Mobile Applications: Could A Store Locator Drive Bikers Away?
REI recently launched an iPhone application (in addition to its Ski and Snow Report) called Bike Your Drive. The app helps cyclists keep track of their rides, including mileage, gas savings, CO2 offset, time and calories burned. iPhones with GPS capability can show exact location and compass direction. Users can upload photos of their ride which are geotagged and plotted on a map to share with friends.
REI offers an online counterpart for non-iPhone users who still want to access Bike Your Drive's informative content at http://www.rei.com/bikeyourdrive. The resource offers "how to" videos, calculators for the CO2 offset, calorie expenditure and money savings of biking instead of driving, and recommended cycling gear.
Bike Your Drive is not REI's first mobile application, its Ski and Snow Report is already one of the most popular applications in the Application Store's weather category. Ski and Snow Report offers current conditions and weather forecasts at different mountains and resorts.
As I mentioned in our Multichannel 2.0 webinar, a mobile application doesn't have to be transactional to be valuable. REI's reaping many branding benefits from offering apps with real utility and "fun factor." In fact, making an application commercial could hinder its popularity. But I came across a Bike Your Ride user who loves the application, but wishes it was a little more commercial:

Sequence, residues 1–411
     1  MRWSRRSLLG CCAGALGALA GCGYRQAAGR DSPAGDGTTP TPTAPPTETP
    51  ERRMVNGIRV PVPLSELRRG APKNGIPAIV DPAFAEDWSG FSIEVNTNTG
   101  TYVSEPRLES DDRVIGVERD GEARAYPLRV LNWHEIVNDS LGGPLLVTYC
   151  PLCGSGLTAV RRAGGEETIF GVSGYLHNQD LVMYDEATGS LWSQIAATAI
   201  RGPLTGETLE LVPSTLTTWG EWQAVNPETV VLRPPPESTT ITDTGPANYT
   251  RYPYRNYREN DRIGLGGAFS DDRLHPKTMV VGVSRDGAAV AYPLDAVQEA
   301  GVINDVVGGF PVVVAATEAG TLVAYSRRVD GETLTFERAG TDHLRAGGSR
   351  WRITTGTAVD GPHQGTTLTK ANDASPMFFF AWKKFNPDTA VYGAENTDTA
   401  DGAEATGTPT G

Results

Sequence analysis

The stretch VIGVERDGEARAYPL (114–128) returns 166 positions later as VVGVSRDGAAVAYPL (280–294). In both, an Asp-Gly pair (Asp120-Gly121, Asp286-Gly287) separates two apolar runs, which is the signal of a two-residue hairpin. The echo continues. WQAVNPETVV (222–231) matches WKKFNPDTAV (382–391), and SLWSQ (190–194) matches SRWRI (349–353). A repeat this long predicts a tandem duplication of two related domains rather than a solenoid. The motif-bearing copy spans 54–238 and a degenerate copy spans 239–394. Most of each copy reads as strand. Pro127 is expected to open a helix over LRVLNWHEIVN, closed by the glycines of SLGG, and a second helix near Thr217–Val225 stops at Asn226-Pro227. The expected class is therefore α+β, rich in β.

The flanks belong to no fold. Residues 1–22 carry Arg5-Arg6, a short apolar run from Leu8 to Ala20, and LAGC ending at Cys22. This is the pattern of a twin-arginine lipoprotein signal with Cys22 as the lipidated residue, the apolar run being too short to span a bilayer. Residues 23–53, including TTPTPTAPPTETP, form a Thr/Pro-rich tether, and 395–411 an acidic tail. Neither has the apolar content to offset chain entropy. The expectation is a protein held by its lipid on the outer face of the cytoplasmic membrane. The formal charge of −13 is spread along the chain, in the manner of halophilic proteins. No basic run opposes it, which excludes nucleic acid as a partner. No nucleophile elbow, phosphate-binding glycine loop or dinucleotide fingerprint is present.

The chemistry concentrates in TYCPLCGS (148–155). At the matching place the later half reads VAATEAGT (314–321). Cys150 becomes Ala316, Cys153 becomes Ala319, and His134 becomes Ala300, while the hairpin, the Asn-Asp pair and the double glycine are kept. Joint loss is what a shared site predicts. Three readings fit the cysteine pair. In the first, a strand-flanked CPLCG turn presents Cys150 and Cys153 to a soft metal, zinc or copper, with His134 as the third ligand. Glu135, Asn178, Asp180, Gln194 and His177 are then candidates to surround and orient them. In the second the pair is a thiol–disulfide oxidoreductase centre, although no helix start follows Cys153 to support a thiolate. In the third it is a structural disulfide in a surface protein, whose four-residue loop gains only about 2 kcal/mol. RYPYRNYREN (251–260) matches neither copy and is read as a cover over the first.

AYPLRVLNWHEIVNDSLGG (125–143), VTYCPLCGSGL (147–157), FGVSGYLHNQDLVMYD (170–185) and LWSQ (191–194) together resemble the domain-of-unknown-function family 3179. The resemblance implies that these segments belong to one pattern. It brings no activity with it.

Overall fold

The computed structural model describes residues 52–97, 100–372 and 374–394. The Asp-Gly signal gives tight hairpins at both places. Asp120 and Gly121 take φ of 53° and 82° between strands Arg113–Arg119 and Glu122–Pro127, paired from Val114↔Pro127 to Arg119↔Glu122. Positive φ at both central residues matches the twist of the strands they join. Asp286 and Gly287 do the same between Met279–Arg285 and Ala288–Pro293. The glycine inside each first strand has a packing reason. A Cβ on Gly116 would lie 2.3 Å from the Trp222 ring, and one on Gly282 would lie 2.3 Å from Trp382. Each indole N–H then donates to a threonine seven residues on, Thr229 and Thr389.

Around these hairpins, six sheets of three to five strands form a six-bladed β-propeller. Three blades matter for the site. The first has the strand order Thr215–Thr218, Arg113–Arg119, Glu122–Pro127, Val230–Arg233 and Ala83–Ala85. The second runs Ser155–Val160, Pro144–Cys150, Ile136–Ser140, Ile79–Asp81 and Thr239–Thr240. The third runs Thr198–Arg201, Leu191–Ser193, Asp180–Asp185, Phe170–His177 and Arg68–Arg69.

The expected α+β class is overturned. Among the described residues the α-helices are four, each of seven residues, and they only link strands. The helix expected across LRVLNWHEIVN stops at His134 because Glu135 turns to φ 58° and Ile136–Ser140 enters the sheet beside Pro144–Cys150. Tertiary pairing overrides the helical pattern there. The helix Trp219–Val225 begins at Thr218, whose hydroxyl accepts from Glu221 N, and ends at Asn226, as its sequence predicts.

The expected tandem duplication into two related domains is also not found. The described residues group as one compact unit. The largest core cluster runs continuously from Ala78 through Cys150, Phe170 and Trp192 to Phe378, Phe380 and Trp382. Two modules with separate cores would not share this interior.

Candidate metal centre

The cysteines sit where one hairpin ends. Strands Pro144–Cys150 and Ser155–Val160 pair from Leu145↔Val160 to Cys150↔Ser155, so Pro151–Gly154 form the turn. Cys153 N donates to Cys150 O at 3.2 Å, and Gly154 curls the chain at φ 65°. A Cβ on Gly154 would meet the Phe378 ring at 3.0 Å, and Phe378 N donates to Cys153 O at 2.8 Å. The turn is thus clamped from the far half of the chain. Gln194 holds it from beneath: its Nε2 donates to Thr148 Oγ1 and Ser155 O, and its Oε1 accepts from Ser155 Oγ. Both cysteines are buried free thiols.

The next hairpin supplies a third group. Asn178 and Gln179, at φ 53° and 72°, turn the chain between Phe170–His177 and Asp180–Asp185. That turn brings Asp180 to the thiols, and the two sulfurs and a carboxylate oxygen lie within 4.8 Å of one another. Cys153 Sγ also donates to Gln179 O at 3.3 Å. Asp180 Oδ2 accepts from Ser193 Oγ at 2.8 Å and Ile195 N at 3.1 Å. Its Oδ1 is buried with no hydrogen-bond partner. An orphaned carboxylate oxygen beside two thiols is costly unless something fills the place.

Why wouldn’t REI show you the location of the nearest store? Put a button in there to press and when I want to buy bike parts, clothing, anything..there is the nearest store.
Thousands of daily bike commuters are in Seattle, Denver, Salt Lake and many other cities. It would be good to know how close you are to REI while riding to or from work.
REI, you’ve provided this application for free and its a very good idea. My applause. Now, please tie-this back to selling merchandise. Offer store locations. Encourage these commuters to visit your store. We won’t mind.
We want you to continue to prosper so you can do more of this.
The question is: is Paul Kirwin just one voice crying in the wilderness, or do more Bike Your Drive customers feel the same? Would adding a GPS-enabled store locator or otherwise tying the app back to the REI store drive sales or drive users away? I'd love to hear your thoughts in the comments.